Saturday, 22 February 2014

Red or Blue?

A documentary I recently watched encouraged me that although I can’t do anything about the environment I have come into, I can help the shift to change the future of it.  Good intentions and positive thoughts will not help this shift.  What is needed at this point is people who action their concern for others.  

A red pill-blue pill situation lies before us.  I can wax lyrical for decades about why we should all take up the challenge of ethical and responsible consumption, but if I don’t make positive consumer choices I am merely a fountain of admirable but empty ideals.  We all begin in the same mess, challenged by the recognition of our consumer selfishness, unsure how to escape it.  It is our response that is the challenge.  The blue pill: Keep calm and carry on.  The red pill: Face reality and choose change.  Begin to move, lean into the challenge, leave slactivism and ignorance behind, embracing social consciousness.  Pair the red pill with action and you will begin to find an ease in momentum.  One decision follows another with increasing velocity, and yesterday’s challenge becomes today’s strength.  This decision to carry the responsibility that awaits us is the catalyst to a greatly rewarding journey.  A journey filled with discovery, in which both beauty and corruption are overturned in equal measures. 

Since accepting the red pill I have discovered the truth about consumer satisfaction.  Consuming products that have cut a swathe of social and environmental destruction on their way to my ownership, results in satisfaction for a moment.  Choosing to purchase sustainable and ethically produced goods, results in the deep and prolonged satisfaction of knowing that my lifestyle enhances someone else’s.  This satisfaction of knowing that I am becoming less of the problem and more of the solution outweighs any extra effort I have invested in finding the right product every time.  Alongside my enjoyment of feeling like I am making an ever clich├ęd ‘difference in this world’, I find myself with less useless crap and more money. Win-win!  I chose and continue to choose the red pill because I see through blue’s shallow deception. 


Many of you have asked for a genesis point, so at the risk of over simplifying the global issue of compulsive consumption, I hand you these ideas as encouragement that guilt free consumption is immediately practicable:


  • Buy second hand!  Surely it can’t be that easy?  In buying products second hand you refuse to support the companies who use exploitation to make a profit, instead supporting local businesses or charities.  You also reduce, reuse and recycle items that would otherwise go into the landfill and you get a bargain to boot.  It’s cheaper, it’s great for the planet, and it’s guilt free.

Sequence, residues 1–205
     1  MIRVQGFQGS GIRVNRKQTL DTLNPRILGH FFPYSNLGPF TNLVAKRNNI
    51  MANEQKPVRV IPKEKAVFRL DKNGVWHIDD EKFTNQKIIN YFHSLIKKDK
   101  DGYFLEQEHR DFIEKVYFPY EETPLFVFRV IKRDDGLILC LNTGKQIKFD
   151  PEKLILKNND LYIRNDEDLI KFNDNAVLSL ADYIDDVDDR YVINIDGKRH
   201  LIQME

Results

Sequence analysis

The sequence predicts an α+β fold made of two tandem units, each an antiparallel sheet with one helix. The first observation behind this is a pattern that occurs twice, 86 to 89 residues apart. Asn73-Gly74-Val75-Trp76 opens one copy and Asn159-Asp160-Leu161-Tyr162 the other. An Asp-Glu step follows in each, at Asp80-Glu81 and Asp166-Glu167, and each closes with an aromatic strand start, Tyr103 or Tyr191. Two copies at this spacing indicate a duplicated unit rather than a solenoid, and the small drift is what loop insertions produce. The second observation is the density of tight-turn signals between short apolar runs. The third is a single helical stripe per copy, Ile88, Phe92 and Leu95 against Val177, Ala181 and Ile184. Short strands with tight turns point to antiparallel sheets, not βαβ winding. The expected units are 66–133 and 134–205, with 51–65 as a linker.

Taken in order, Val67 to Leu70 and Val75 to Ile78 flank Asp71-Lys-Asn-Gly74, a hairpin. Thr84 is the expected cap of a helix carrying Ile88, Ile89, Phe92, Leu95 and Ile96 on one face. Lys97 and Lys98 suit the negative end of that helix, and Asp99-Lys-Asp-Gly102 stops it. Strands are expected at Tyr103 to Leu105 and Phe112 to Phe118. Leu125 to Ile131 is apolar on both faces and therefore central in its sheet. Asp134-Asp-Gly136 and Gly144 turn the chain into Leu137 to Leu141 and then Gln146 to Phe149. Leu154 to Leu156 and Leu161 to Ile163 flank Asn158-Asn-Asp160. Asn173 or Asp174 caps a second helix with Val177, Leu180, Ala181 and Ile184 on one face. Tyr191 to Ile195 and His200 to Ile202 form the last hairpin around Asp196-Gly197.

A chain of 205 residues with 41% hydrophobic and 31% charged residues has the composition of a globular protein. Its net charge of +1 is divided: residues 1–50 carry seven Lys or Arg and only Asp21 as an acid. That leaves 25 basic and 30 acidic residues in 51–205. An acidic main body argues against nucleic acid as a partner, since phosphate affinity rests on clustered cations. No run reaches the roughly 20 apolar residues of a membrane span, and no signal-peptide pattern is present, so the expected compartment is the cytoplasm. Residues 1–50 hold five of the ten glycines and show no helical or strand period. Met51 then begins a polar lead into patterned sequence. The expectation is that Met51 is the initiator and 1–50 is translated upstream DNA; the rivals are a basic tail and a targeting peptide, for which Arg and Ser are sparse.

• Buy local or grow your own food.  Buy things when they are in season and preserve them for later, or just go without when they are out of season.  This supports your nation’s economy, and (depending on where you live) can almost ensure that the workers who were involved in the production process were not exploited.  Many imported foods have a brutal backstory when you look into the production practices associated with them, so by choosing to search out local producers and do some brand research, you can often find products that are more ethically produced and prepared.
  • Buy from producers who have received an independent certification such as the Fairtrade International certification (FLO CERT) to give your money the best chance possible of getting right back down the production line.  Please don’t just accept a company’s claim that their products are ethically produced without asking some further questions.  This is where google comes in handy. 
  • Talk to local companies that you are considering buying from about the steps they have taken to ensure that their product is made in a way that reduces impact on both the environment and vulnerable people groups in their supply chain.  Beware of companies who strongly promote their reduced negative environmental impact but neglect to mention anything about their humanitarian responsibilities.
  • Buy less!  Take control of your spending and learn how much you can live without.
  
So which will it be?  Remain in a reality fabricated by companies who aspire to manipulate you into relationship with them, or unplug from the illusion and carry your responsibility?